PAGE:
So the key to consistency is data intelligence, but commercial advantage is found in how a brand creatively applies it to their marketing.

Being commercially creative means two things: firstly, you need to be able to have great ideas that sell products. Secondly, and perhaps more importantly, you need to apply great ideas that enhance and protect brand image.

3. Be collaborative

We believe that in a successful 21st century agency, creativity must be found in every team and that includes our clients. Technologists are as close to user experience as strategists are to copywriters. Developing an effective agency service is about collaboration, and that’s why problems are better solved when the best minds are in the room. For some brands just getting the basics of marketing in place is still the priority, but for many it’s about maximising efficiency through effective collaboration.

We don’t believe the future is about rigid agency models, with roles so keenly defined that the result is akin to sterile, Swiss-like constancy. While such a model might be suited to offering brands ‘dependability’, the only thing you can truly depend on is the market outpacing, outfoxing and outgunning you.

At AgencyUK, we pride ourselves on our independence, which allows us to work collaboratively and freely in the best interests of our clients and our people. We encourage each individual to think of themselves as an influencer, one who remains alive to changes in technology, trends and tastes.

It’s a holistic approach and a habitual one. In other words, it’s in our nature. And nature evolves.

This article originally appeared on The Drum on 2nd September 2015. 

Welsh Lamb reach soars after The Agency’s Prince William Royal Burger PR stunt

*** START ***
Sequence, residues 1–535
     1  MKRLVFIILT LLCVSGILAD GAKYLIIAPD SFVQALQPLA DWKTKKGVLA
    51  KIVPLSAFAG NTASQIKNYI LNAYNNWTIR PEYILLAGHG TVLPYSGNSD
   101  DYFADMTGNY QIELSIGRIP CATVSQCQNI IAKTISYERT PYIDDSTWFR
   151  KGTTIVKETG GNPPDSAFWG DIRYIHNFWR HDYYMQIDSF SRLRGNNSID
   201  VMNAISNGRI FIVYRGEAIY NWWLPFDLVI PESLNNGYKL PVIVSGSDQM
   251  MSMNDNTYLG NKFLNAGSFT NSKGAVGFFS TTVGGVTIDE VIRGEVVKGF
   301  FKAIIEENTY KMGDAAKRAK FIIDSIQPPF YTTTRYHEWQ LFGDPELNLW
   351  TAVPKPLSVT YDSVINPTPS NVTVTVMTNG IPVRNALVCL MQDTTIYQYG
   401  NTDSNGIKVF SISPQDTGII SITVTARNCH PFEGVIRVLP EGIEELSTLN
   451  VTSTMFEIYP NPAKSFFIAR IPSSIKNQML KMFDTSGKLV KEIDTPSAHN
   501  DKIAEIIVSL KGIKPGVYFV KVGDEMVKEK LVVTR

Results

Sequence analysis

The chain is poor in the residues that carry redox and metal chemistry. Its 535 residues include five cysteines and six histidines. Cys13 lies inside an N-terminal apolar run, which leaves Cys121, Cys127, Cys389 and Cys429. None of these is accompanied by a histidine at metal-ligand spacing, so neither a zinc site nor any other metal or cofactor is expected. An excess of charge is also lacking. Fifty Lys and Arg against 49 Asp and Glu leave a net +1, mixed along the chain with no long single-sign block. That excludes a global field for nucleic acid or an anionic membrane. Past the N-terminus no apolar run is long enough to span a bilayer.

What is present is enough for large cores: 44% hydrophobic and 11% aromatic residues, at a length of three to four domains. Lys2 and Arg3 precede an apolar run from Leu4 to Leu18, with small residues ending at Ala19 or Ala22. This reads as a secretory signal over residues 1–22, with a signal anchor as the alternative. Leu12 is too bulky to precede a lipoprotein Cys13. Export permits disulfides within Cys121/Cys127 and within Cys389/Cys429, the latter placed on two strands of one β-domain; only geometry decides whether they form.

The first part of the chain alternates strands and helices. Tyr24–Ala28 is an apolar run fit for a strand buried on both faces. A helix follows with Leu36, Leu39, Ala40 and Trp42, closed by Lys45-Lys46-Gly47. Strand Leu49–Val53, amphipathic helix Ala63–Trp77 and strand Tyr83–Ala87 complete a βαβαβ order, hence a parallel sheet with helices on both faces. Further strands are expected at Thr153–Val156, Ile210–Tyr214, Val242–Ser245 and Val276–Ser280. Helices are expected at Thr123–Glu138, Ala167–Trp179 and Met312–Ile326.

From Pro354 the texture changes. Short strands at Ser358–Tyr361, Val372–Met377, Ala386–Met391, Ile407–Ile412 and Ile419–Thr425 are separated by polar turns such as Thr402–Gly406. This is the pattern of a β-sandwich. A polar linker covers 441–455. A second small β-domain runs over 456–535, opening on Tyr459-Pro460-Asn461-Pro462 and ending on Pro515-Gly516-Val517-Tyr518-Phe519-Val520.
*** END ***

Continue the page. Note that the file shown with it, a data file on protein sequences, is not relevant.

Welsh Lamb

On 21st July 2015, Gareth Matheson, a former RAF Valley Chef revealed the top-secret recipe for Prince William’s favourite burger: The Royal Welsh Lamb burger. The stunt was orchestrated by Bath-based The Agency, the UK’s no.1 small independent marketing agency, who manage all consumer communications for Welsh Lamb. 

In just over a week, the stunt has resulted in widespread international media coverage for Welsh Lamb, with an OTS of 170 million which is growing every day. Coverage highlights include Loose Women, The Telegraph, two mentions in The Metro, Mail Online and The Times. Burger King even piggy-backed the stunt by delivering a bespoke lamb burger to Kensington Place. On social media, the story had 3,555,698 impressions and 1,820,758 accounts were reached.

The stunt came as part of The Agency’s summer campaign to raise awareness of Welsh Lamb. The Agency’s Social and PR team orchestrated the stunt by tracking down the chef who now resides in Bangor, arranging a photoshoot at the HCC stand at The Royal Welsh Show in Builth Wells and ensuring appropriate branding at the location. The story and images were then distributed to the press that same afternoon. The ‘Royal Welsh Lamb Burger’ recipe was added to the Welsh Lamb social media channels consequently reaching 2 million accounts and was also uploaded onto

Social & PR Director at The Agency, Lucy Aston said:  “The ‘Royal Welsh Lamb burger’ story has really captured the imagination of press and public alike. There’s been so much interest in the recipe from around the world and across social media; the campaign has really put Welsh Lamb in the spotlight. The recipe is available now for everyone to make on their barbecues over the summer.”

Gareth Matheson cooked hundreds of meals for William and his colleagues over seven years at the Anglesey base. Gareth says although the Duke of Cambridge enjoyed a wide range of meals, his ‘Royal Welsh Lamb Burger’, which includes an unusual twist, was William’s absolute favourite. The ‘Royal Burger’ was unveiled to coincide with the second birthday of William’s son, George.

See the full recipe here.

The Bath Future Talent Programme launches

Bath Bridge

12 rising stars from Bath companies started their leadership development journeys this Tuesday (June 30, 2015) on a special, world-class programme to make more of the corporate talent in the city.